Thursday, 5 September 2019

Best Practice to Pipe Marking

Pipe Marking
Basic instructions for pipe label design, and placement will help to improve facility efficiency and increase safety through visual communication.

Pipe Marking Importance
·         Safety-Eliminate accidents by minimizing identification errors.
·         Efficiency-No wasted time tracing pipes to their source.
·         Compliance - Reduce company liability and eliminate fines.

The standard specifies the primary and secondary means of identifying pipe contents, as well as the size, color and placement of the identification device.
The text legend (name of pipe content) and directional arrow remain the primary means of identifying pipe contents. Attaching arrows at one or both ends of the marker indicates flow direction. See the ANSI/ASME size chart and installation guide in the following sections for more details.
A secondary means of pipe marker identification is the color code of the marker. The terminology of inherently hazardous or nonhazardous has been removed from the standard, effective since 2007.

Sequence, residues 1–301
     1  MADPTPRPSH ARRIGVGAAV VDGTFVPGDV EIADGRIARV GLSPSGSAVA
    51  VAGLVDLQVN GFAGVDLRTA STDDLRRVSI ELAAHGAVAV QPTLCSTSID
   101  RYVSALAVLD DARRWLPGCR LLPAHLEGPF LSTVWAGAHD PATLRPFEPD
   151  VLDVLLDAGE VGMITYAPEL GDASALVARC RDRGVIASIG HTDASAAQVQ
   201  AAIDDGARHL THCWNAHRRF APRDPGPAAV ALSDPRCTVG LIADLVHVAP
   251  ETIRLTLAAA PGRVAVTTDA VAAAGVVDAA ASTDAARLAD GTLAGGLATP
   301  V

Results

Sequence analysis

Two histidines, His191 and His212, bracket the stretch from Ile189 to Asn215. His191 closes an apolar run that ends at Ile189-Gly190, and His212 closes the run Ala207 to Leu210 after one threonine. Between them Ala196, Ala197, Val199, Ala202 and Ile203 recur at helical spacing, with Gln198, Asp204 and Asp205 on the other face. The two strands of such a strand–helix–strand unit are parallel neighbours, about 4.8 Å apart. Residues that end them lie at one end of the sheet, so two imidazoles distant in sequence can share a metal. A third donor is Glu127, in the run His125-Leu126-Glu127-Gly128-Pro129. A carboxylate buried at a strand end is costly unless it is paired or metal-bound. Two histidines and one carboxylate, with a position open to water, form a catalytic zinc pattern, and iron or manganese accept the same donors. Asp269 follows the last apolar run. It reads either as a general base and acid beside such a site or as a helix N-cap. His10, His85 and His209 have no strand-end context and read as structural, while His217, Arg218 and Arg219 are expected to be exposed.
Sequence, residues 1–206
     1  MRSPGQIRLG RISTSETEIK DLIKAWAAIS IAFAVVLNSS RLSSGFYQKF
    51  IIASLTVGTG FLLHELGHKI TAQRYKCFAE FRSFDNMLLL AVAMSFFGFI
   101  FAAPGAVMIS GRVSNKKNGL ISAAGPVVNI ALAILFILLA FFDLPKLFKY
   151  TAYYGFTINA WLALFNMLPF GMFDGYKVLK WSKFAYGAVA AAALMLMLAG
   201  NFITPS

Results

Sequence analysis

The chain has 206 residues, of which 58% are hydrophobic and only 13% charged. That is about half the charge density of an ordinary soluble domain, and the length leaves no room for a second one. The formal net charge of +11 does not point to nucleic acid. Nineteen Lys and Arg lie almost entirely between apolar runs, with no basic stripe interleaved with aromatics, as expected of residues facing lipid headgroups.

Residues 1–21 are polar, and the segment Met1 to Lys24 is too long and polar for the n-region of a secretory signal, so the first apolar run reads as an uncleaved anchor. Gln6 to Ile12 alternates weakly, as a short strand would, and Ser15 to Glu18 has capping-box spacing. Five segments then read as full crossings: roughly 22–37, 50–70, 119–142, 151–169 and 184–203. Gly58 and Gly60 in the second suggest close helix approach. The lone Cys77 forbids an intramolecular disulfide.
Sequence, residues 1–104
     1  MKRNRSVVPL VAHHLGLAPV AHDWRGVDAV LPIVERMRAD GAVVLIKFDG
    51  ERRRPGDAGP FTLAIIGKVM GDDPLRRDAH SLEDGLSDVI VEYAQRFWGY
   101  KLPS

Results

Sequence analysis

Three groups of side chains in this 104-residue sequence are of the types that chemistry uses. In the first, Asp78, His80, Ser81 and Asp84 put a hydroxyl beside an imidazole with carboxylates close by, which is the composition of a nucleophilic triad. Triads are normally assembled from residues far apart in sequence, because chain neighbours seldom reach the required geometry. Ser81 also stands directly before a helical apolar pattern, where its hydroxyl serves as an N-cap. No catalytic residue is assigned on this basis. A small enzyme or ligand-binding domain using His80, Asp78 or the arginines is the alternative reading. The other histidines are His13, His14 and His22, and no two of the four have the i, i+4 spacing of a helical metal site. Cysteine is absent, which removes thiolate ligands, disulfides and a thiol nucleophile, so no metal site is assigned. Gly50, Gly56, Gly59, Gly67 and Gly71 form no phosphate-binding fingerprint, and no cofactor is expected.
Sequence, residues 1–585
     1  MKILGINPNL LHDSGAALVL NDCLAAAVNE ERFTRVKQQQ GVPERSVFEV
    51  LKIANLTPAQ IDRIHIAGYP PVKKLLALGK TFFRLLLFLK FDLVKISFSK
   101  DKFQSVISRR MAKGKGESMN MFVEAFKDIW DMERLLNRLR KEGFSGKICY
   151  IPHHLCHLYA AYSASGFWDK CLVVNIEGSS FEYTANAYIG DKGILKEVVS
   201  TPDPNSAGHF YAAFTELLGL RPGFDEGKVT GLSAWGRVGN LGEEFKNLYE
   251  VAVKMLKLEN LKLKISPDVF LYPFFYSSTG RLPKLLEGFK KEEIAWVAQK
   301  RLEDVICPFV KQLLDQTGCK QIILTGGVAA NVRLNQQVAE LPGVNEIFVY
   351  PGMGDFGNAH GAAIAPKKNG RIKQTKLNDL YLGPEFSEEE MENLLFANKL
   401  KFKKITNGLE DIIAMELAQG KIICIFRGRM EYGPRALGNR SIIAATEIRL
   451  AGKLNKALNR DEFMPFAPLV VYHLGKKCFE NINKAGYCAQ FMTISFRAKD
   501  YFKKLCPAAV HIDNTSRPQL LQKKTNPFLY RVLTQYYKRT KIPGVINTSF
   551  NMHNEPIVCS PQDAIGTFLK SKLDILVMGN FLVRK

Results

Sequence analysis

Other significant color changes in 2007 included the addition of Brown/White for combustible fluids and Orange/Black for toxic or corrosive fluids.  The standard also identified four additional “defined by user” color combinations for additional customization options on non-standard markers. Those exact colors are the recommended safety colors contained in the ANSI Z535.1 standard.
The updates to ANSI/ASME A13.1-2015 added oxidizing fluids to the definitions for Yellow/Black, but did not add any new colors to the standard.

  1. Obtain a legend list of all pipe contents in your plant.
  2. Collect the following data on your piping systems (this may require tracing lines to determine quantities and sizes):

– Pipe contents
– Outside diameter of pipe (including insulation)
– Quantity of markers needed per ASME/ANSI A13.1 or other standards
– Pressure
– Temperature
– To/From information
– Location of specific legends by area (for aid in installation)
***Note: You may be able to use blueprints or P&IDs if they are current instead of walking down all of your lines. Seton also offers Take-Off Services to help you determine your pipe marking needs.
  1. Select color of marker.

Other color codes may also be acceptable, as long as your choices are consistent and documented, and the affected workers are trained to understand the system.
 Use clear and simple terms to identify the contents of each pipe.
        Text should be easy to read from a distance
        Use a sans-serif font such as Arial or Helvetica

Source: Creative Safety Supply & Graphic Products

Collected by 
Indian Safety Association

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